What I Learned from the Strange Man in the Hot Tub

One night over winter break, I was stressed and sore, so I decided to skip my usual workout and head for the hot tub at the gym instead.  Just as I settled into the bubbly heat, I heard someone say, “Can I ask you a question?”

I glanced around the hot tub and saw only one man, maybe a few years older than me, seemingly friendly enough.  “Sure,” I said.

“Have you lived in Denver long?” he asked.

“Yeah, almost 20 years,” I replied.

“Have you noticed that road rage has gotten really crazy around here lately?”  he asked me.  It was a bit of an abrupt conversation transition, but I think any dialogue at all is a bit odd in a public hot tub, so I rolled with it.  “I mean, I’m from New Jersey, and the road rage there was nothing like it is here!  I’m even thinking of moving back!”

I love Denver!  I thought.  Why is he attacking this awesome city?  I was quiet for moment.  “Well, I don’t really drive around the city as much as I used to, except to drive my kids to school and activities.  I haven’t noticed anything very different.  But I guess it is the holiday season, so people are a little more stressed than usual.  Maybe that’s it.”

The guy jumped right in.  “Nah, I don’t mean just now.  It’s been happening for a long time.  People are just so rude!  Flying around, changing lanes, tailgating, running lights.  Maybe it’s because pot is legal here, I don’t know.”

If this dude thinks pot makes people angry and aggressive, this guy doesn’t know anything about pot, I thought.  But the guy was still raging.

“I don’t know, maybe it’s because the media isn’t reporting on the real problems of the world,” he continued, unfazed.  “No one has a clue what’s really going on!”

Having a hard time understanding the connection between what is reported on in the evening news and the state of road rage in Denver, Colorado, I decided to simply excuse myself from the conversation.  “I don’t know,” I said, “I just try to focus on my own family, and make things as peaceful with them as I can.  Speaking of which, I’m going to meet my husband in the steam room.  Enjoy your evening!”

I exited that hot tub as quickly as I could, feeling exposed not only because of my swimming attire and the fluorescent lighting, but also because of how quickly I had been robbed of my relaxing moment in the spa.  I didn’t want to lament the problems of the world!  I certainly didn’t mean to invite a frenzy of fury from the stranger in the hot tub!  I was just trying to be polite.  Now, though, I was more stressed than ever, and also a bit hopeless and pessimistic.  Is this how people in my community feel?  I thought.  Have things really gotten this bad?

As I settled into the steam room, my mind drifted to a story I’ve heard many times about perspective.  The story goes something like this:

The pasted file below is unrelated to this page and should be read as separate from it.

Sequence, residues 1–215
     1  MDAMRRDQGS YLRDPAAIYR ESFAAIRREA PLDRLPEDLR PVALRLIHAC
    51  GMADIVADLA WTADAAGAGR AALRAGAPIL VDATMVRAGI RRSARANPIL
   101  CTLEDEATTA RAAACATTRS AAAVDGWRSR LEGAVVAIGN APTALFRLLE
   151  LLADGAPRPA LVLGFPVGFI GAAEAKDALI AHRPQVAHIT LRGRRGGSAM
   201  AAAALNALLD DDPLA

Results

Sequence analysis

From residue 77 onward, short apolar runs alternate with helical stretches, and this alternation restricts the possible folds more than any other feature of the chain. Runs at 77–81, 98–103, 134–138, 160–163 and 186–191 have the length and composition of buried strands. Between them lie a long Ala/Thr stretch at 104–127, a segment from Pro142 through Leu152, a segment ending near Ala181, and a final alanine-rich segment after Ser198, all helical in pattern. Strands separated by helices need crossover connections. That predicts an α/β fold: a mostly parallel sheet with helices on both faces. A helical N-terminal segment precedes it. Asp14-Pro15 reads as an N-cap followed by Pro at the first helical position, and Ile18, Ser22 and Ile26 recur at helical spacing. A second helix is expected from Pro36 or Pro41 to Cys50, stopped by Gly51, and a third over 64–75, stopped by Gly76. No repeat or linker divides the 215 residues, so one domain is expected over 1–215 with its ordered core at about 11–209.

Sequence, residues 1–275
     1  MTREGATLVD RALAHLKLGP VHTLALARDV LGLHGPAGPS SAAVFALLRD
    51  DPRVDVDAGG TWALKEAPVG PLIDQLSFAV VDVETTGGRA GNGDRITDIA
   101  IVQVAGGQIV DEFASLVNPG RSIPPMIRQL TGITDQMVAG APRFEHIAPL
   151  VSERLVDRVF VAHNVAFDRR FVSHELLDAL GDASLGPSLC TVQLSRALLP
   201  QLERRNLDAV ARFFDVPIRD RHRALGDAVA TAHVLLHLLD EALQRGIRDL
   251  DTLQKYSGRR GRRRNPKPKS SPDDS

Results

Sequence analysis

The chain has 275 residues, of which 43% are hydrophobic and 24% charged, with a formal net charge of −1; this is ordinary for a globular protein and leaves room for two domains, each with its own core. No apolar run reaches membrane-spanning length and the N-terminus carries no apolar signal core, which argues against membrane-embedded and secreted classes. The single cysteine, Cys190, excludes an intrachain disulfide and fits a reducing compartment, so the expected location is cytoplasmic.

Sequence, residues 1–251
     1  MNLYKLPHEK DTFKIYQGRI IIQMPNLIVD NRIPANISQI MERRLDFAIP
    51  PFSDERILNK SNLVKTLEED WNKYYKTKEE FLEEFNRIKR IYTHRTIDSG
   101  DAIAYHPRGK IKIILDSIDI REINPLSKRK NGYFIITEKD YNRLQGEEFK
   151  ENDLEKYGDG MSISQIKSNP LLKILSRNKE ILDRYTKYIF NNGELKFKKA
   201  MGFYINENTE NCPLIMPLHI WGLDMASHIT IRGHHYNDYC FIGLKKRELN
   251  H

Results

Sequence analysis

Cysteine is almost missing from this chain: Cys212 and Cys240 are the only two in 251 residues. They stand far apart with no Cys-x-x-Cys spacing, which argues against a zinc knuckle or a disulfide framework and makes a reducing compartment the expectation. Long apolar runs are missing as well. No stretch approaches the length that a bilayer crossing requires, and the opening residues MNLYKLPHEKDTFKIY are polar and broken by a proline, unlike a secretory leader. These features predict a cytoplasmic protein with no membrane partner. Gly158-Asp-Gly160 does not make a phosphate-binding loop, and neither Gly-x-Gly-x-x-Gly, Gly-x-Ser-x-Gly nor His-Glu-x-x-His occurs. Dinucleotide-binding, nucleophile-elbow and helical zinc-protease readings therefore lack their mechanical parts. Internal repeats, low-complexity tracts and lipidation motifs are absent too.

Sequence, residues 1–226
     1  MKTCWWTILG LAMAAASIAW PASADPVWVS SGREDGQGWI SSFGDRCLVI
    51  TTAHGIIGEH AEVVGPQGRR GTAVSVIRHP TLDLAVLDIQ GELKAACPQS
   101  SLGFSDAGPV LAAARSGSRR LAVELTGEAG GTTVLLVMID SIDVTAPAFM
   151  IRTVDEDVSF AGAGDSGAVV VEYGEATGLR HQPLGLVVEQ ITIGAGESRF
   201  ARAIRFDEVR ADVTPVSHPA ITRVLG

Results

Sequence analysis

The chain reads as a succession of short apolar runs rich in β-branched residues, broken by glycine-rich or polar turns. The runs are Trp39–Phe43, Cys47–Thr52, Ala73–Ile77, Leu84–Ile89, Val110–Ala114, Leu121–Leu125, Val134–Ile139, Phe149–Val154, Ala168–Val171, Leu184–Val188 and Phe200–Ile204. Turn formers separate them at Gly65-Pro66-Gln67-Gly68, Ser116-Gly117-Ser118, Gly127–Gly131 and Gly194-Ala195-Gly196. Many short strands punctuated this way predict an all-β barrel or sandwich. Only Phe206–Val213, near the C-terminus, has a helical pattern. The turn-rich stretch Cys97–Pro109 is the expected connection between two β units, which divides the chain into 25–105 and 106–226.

There were two families looking for a home.   The first family came to town and saw a man sitting in a chair just passing the time of day.   The father approached the man and said “Is this a town full of crabby people?   We just moved from a town full of people who were never happy and we don’t want to make that mistake again.  We think you can tell the type of town it is just by the way it looks and we would hate to end up with a bunch of unhappy, crabby people again.”   The man in the chair assured them there were plenty of crabby people living there so it was probably best that the family move on.   He urged them to find something else.

The second family approached the man and the father asked, “Is this town full of friendly people?   The last town we lived in everyone knew everyone else, attended the celebrations with family and friends and life was pretty enjoyable.   We think this town might be just what we’re looking for — what do you say?”   The man replied “Welcome to town.   The people here are just as you described and we think you’re going to like living here.   Let me introduce you to some very friendly people.”  

This story sums up my interaction with the man in the hot tub.  I was upset by the Man in the Hot Tub’s initial observation, because I’ve lived in Denver a long time and I happen to love the city.  I was defensive and annoyed by his comments, because I don’t want Denver to turn into a hateful place.   I think Denver is dynamic, welcoming, clean, safe, active, and stunningly, breathtakingly gorgeous to boot.

The Man in the Hot Tub, on the other hand, saw rage on the streets.  Perhaps he saw that rage because he expected to.  Maybe his perspective led to his experience, not the other way around.

Is the world perfect?  Absolutely not.  Is Denver flawless?  Certainly not.  Our world has real problems, and we need to fight for justice and truth and freedom.  We can make this world a much better place to live in, no doubt.  I am committed to devoting my life to that purpose.  Yet, there is such beauty in the world right now too, just as it stands.

I feel a little sorry for the Man in the Hot Tub.  Where I see light, he sees only darkness.  That’s a hard way to live a life.

The world is a beautiful place when we choose to see it through the lens of love and acceptance.  It’s ridiculously hard sometimes, and life can sure throw difficult and ugly things our way.  Today, however, I’m choosing to keep my eyes on the light.


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